Like, can you fucking imagine what a loss it would be if just a single person stopped doing this? If that singular company simply no longer makes the barrel. If those sporadic soy makers moved on or lost their business. Can you even begin to imagine? You can't. There is an entire taste that you have never experienced for yourself because it is dying. And one day it will die and you will never taste it and neither will anyone else ever again.
Saffron crocuses are dying because of climate change. Because of the rising temperatures and drier climates in Iran, the crocuses aren't growing as well, and of course by harvesting the saffron stamens, that prevents the crocuses from being able to go to seed. The balance of this incredibly important historic ingredient is being undone out of circumstances beyond the crocus farmers' control. One day there is a very real chance that a staple ingredient in food across the entirety of the Middle East will no longer exist. No more shirini keshmeshi; no more yakhni pulao; no more mandi djaj. An entire taste will be erased from the world, and all these foods, all these proofs of humanity, of the connections we have with our past and our ancestors, it will be severed as simply as if by a cutting knife.
How can I even begin to cope with the depths of that grief? How do you live with the knowledge that these things could very likely die in your lifetime? That you could witness the atrophying of entire swathes of history and culture happen in realtime, because of greed, because of callous uncaring for others?
How can I explain to anyone why every time I cook with saffron it feels as if I am saying goodbye to someone I love, for the ones who will come after me? Where do I begin to describe to the children who come next the food that our ancestors have eaten for countless generations will never exist for them in the way they were intended to be?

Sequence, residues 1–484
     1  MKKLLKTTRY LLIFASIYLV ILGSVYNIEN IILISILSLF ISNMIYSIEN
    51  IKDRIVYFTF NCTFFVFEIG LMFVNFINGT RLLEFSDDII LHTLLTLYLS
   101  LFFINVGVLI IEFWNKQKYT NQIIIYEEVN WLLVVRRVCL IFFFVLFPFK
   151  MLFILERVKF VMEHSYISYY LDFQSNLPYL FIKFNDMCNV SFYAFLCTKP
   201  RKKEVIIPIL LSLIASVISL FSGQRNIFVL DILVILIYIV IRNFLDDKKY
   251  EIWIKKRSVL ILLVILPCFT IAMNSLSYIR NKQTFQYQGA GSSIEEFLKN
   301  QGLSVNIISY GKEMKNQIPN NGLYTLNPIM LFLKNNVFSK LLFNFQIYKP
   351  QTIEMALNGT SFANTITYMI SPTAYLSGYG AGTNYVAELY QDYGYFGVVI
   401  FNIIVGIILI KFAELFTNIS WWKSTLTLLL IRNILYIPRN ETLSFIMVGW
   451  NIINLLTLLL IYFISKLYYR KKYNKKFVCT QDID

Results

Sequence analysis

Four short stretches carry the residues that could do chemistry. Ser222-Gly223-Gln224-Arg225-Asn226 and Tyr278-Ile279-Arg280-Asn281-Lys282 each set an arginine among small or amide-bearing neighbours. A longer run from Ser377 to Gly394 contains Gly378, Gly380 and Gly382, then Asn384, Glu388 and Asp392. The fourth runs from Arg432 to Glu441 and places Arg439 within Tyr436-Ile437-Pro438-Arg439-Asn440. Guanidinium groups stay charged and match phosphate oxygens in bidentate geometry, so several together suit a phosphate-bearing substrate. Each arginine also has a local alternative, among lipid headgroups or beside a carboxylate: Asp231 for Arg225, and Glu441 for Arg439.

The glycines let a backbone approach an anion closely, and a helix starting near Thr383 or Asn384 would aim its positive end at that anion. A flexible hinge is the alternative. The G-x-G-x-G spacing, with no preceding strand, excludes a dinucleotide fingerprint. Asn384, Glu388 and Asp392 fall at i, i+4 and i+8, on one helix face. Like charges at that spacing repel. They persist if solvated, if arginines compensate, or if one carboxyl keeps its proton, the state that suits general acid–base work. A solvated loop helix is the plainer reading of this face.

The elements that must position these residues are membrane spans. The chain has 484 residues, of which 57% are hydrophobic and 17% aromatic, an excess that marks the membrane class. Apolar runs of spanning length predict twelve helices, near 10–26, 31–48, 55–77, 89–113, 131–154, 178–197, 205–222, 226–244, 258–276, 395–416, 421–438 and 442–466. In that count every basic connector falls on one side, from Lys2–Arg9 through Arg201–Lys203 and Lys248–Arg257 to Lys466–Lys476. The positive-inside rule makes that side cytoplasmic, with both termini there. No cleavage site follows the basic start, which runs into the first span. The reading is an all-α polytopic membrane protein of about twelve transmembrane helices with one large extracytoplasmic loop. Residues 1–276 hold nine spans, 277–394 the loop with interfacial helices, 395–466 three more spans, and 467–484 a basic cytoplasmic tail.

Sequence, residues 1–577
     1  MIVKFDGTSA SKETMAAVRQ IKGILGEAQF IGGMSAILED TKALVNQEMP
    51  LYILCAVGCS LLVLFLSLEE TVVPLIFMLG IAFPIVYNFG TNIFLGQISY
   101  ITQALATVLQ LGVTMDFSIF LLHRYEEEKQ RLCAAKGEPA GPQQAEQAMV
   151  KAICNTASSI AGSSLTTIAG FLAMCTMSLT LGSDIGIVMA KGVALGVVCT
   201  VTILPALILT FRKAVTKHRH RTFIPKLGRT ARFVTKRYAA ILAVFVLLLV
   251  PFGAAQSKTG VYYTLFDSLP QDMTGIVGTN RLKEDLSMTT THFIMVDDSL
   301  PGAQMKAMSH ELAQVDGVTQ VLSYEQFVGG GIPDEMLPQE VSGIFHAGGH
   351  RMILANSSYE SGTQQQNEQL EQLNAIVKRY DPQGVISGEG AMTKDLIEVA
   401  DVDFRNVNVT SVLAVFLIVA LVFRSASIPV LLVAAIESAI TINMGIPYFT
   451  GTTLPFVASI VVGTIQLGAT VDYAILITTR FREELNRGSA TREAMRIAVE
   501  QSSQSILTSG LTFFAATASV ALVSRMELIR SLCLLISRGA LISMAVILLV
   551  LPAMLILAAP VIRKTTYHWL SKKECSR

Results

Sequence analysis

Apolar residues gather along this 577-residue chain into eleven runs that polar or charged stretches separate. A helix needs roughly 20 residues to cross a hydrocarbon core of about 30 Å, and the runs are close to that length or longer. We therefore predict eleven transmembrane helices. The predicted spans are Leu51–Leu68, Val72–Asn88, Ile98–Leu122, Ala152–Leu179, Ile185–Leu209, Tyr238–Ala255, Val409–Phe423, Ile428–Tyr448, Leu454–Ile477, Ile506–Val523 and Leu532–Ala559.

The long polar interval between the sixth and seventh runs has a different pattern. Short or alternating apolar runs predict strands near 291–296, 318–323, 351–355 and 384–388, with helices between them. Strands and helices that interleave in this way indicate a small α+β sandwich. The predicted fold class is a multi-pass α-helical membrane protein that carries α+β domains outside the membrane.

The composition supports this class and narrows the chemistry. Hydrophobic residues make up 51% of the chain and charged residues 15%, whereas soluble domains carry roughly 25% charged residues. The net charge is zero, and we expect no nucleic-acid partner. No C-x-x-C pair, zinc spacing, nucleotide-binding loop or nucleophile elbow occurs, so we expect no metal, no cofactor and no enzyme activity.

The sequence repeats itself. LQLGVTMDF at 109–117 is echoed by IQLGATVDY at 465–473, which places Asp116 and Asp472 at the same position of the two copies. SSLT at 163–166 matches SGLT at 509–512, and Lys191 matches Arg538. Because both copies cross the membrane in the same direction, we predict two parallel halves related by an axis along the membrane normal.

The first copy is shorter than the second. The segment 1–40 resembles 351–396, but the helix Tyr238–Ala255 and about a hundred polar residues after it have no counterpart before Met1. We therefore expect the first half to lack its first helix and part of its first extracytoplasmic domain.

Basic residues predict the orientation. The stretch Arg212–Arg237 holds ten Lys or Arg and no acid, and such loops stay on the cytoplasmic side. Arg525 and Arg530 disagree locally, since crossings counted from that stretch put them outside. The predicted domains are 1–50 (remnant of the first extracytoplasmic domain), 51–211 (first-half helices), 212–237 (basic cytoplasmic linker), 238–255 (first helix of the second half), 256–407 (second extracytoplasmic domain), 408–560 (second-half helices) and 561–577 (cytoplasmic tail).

How do I understand my grief when it is based in the knowledge that eventually, it would be impossible to understand?
— a prayer, tathève simonyan
[text ID: a prayer / i look up at God and see my ceiling staring back at me. / whimpered prayers leaving through the gates of my lips, ricocheting and landing right onto my eyes. / now everything i see is tainted with the colors of my pending longings. / a desire so raw you could still see the specks of blood gathering at seams. / a prayer … / a man on his knees in front of a woman, hands on her hips, holding the cathedral that was neither built nor can be destroyed / lips kissing the source of life / lips kissing the source of light / lips kissing / a prayer! – a body to crawl into! (to grow into?) / a prayer! – a dead language we refuse to let go of, / a language of the dead that we refuse to let go of / a prayer! – Grandpa’s favorite tie, hanging from the bedroom door, decades after he passed / because my Grandma was the only one of us who knew what a prayer was / a prayer! – Grandma: “sitting with someone until they finish their meal is the purest sign of love” / a prayer! – i’ll sit with you till the very last sip, till the very last grain / a prayer! – a hymn to the Sun written by the coldest of hands / a prayer! – a mouth full of tongues that can never find the right language to weep in / Rage, that is love – rotten! / Rage, that is desire – rotten! / Rage! – like a prayer, unanswered, ricocheting from your ceiling and landing right onto your eyes, never quite reaching where it was meant to.]
to carry your grief on my back would be an honor by parrish h.